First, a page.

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Double displacement. Sulphuric acid and a nitrate. How?


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Hi all. Asheekay from Pak-is-tan (yes, we're all tan here, hence the name :p). Big, huge, gigantic, colossal chemistry fan, but my knowledge is limited to basics, mostly.

Came here to announce that I've found a way to make sodium metal via electrolysis of aqueous table salt but saw that you guys have already killed my buzz there. *sad face*

Okay, now coming to the serious point. I was wondering if it's possible to carry out a double displacement between sulphuric or hydrochloric acid and a nitrate (ammonium nitrate, to be precise). I understand that ammonium nitrate is probably more polar than ammonium sulphate and chloride and thus would much rather prefer to stay with nitrate than swap its partner.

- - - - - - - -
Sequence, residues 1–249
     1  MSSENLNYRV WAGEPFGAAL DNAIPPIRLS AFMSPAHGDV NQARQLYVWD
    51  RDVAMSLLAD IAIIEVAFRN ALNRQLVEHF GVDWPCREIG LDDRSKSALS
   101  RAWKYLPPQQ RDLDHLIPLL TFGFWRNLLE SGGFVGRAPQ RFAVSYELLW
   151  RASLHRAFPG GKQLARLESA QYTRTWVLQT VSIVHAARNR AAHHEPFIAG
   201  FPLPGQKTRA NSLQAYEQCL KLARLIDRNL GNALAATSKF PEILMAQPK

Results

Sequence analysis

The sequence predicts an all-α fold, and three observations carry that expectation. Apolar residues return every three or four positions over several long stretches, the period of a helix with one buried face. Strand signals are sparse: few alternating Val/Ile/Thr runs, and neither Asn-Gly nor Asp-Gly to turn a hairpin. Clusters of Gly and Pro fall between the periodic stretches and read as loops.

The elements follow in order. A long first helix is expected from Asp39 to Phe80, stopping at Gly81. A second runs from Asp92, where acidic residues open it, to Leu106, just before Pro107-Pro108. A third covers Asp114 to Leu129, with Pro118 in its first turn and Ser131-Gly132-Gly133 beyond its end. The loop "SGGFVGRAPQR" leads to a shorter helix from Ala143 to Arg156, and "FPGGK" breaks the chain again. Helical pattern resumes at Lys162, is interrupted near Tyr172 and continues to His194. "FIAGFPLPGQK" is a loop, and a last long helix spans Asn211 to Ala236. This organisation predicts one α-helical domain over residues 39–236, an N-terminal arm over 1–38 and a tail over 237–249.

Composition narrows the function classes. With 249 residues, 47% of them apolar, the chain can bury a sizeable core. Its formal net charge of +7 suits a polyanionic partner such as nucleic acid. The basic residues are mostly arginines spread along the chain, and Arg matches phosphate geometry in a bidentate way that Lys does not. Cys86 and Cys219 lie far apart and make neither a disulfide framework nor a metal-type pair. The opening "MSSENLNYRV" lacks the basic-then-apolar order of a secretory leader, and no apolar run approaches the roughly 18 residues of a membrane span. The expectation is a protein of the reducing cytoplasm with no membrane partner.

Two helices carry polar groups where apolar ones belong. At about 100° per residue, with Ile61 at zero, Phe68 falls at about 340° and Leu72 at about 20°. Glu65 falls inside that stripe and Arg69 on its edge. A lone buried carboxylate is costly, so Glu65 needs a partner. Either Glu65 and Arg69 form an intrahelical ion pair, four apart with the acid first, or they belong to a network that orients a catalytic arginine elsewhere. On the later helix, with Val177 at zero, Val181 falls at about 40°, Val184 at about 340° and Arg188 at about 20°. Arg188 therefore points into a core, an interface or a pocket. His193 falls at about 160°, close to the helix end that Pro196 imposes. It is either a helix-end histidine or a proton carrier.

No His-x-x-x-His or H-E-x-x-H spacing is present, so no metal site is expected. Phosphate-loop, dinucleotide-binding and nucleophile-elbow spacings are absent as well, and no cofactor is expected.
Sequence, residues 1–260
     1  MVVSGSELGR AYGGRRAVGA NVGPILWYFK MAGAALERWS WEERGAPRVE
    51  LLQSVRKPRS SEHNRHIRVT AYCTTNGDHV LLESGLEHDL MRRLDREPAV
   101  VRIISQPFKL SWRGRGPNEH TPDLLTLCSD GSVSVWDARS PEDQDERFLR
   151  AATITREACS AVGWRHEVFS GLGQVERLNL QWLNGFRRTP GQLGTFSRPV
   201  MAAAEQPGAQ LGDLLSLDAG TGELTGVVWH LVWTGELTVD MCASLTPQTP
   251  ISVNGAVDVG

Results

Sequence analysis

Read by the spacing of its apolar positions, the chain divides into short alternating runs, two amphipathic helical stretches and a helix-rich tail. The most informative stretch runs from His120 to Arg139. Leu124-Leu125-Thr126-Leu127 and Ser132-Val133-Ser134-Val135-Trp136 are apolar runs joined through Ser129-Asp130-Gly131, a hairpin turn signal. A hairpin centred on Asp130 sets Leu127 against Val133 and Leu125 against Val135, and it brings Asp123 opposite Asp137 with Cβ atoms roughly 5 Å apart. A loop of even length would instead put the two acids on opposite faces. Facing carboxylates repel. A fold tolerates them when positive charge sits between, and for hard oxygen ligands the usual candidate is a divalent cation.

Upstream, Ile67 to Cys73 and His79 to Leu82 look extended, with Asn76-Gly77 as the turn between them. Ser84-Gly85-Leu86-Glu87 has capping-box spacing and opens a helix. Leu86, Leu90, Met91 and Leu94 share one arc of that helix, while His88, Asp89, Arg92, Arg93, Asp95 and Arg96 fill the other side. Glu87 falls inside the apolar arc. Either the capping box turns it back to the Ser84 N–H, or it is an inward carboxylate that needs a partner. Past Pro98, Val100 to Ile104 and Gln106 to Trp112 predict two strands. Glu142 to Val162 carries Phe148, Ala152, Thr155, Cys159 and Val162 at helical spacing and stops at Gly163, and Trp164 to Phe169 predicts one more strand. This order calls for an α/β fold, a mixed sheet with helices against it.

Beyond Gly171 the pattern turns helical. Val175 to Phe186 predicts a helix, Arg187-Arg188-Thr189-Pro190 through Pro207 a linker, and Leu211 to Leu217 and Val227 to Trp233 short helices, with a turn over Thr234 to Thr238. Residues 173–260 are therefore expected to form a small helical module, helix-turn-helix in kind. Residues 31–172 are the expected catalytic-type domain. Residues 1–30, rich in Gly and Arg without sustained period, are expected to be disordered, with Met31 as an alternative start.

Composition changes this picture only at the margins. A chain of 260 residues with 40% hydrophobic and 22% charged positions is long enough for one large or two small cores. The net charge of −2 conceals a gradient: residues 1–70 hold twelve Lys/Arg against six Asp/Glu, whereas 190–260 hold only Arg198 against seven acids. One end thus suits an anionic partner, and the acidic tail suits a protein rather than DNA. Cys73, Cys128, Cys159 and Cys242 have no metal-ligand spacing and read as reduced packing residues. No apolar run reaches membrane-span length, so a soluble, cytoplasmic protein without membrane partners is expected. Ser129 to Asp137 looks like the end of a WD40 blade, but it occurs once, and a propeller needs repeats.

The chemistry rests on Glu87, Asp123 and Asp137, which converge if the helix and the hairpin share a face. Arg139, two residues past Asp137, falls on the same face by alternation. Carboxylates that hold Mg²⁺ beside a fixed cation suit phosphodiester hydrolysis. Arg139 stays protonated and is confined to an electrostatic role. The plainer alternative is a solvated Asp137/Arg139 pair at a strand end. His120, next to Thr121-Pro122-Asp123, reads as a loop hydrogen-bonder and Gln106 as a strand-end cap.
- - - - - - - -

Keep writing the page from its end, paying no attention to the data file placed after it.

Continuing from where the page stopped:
Is there any way to convert ammonium nitrate and sulphuric/hydrochloric acid into nitric acid and ammonium sulphate/chloride?

2NH4NO3 + H2SO4 ---> (NH4)2SO4 + 2HNO3        ??

Edited by Asheekay
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In aquaeous solution you will have all ions present. Make no sense.

If you add concentrated sulfuric to the solid nitrate you can develop NO2  and this can be react together with water and oxygen to nitric acid. But I would take NaNO3 or KNO3. Ammonium salt we know is under some circumstances high explosive. See accident in Beirut.

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